Canon G3 X versus Canon 7D II
The Canon PowerShot G3 X and the Canon EOS 7D Mark II are two digital cameras that were revealed to the public, respectively, in June 2015 and September 2014. The G3X is a fixed lens compact, while the 7D Mark II is a DSLR. The cameras are based on an one-inch (G3X) and an APS-C sensor. Both cameras offer a resolution of 20 megapixel.
The physical size and weight of the Canon G3 X and the Canon 7D II are illustrated in the side-by-side display below. Three consecutive perspectives from the front, the top, and the back are presented. All width, height and depth dimensions are rounded to the nearest millimeter. You can also use the toggle button to switch to a percentage comparison if you prefer that the measures are being expressed in relative terms (in this case, the camera on the left side – the G3X – represents the basis for the calculations across all the size and weight measures).
If the front view area (width x height) of the cameras is taken as an aggregate measure of their size, the Canon 7D II is considerably larger (76 percent) than the Canon G3 X. In this context, it is worth noting that both cameras are splash and dust-proof and can, hence, be used in inclement weather conditions or harsh environments.
The above size and weight comparisons are to some extent incomplete and possibly misleading, as the G3X has a lens build in, whereas the 7D Mark II is an interchangeable lens camera that requires a separate lens. Attaching the latter will add extra weight and bulk to the setup. You can find an overview of optics for the 7D Mark II and their specifications in the Canon EF Lens Catalog.
The table below summarizes the key physical specs of the two cameras alongside a broader set of comparators. If you want to switch the focus of the display and review another camera pair, just select a new right or left comparator from among the camera models in the table. Alternatively, you can also move across to the CAM-parator tool and choose from the broad selection of possible comparisons there.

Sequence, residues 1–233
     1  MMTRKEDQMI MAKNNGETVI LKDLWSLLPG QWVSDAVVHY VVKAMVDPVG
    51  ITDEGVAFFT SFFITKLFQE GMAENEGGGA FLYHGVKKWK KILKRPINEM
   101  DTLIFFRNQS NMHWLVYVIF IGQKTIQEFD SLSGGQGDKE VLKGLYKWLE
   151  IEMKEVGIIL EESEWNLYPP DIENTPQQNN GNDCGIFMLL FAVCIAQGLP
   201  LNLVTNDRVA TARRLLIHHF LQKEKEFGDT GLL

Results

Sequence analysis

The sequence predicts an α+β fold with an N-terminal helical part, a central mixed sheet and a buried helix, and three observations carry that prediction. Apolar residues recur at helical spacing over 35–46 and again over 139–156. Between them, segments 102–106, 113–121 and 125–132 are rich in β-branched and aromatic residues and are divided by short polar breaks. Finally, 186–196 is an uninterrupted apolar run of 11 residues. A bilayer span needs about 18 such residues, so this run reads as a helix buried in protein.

|Camera Body Specifications
|Canon G3 X (⇒ rgt)||123 mm||77 mm||105 mm||733 g||300||YES||2015||999||latest||check|
|Canon 7D II (⇒ lft)||149 mm||112 mm||78 mm||910 g||670||YES||2014||1,799||latest||check|
|Canon 80D (⇒ lft | rgt)||139 mm||105 mm||79 mm||730 g||960||YES||2016||1,199||latest||check|
|Canon G9 X (⇒ lft | rgt)||98 mm||58 mm||31 mm||209 g||220||no||2015||529||discont.||check|
|Canon T6s (⇒ lft | rgt)||132 mm||101 mm||78 mm||565 g||440||no||2015||849||discont.||check|
|Canon G7 X (⇒ lft | rgt)||103 mm||60 mm||40 mm||304 g||210||no||2014||699||discont.||check|
|Canon T5i (⇒ lft | rgt)||133 mm||100 mm||79 mm||580 g||440||no||2013||649||discont.||check|
|Canon 70D (⇒ lft | rgt)||139 mm||104 mm||79 mm||755 g||920||YES||2013||1,199||discont.||check|
|Canon SL1 (⇒ lft | rgt)||117 mm||91 mm||69 mm||407 g||380||no||2013||549||discont.||check|
|Canon 7D (⇒ lft | rgt)||148 mm||111 mm||74 mm||860 g||800||YES||2009||1,699||discont.||check|
|Panasonic FZ1000 (⇒ lft | rgt)||137 mm||99 mm||131 mm||831 g||360||no||2014||899||discont.||check|
|Sony RX10 III (⇒ lft | rgt)||133 mm||94 mm||127 mm||1051 g||420||YES||2016||1,499||discont.||check|
|Sony RX10 II (⇒ lft | rgt)||129 mm||88 mm||102 mm||813 g||400||YES||2015||1,299||discont.||check|
|Sony RX100 IV (⇒ lft | rgt)||102 mm||58 mm||41 mm||298 g||280||no||2015||999||discont.||check|
The listed prices provide an indication of the market segment that the manufacturer of the cameras have been targeting. The G3X was launched at a lower price than the 7D Mark II, despite having a lens build in. Usually, retail prices stay at first close to the launch price, but after several months, discounts become available. Later in the product cycle and, in particular, when the replacement model is about to appear, further discounting and stock clearance sales often push the camera price considerably down. Then, after the new model is out, very good deals can frequently be found on the pre-owned market.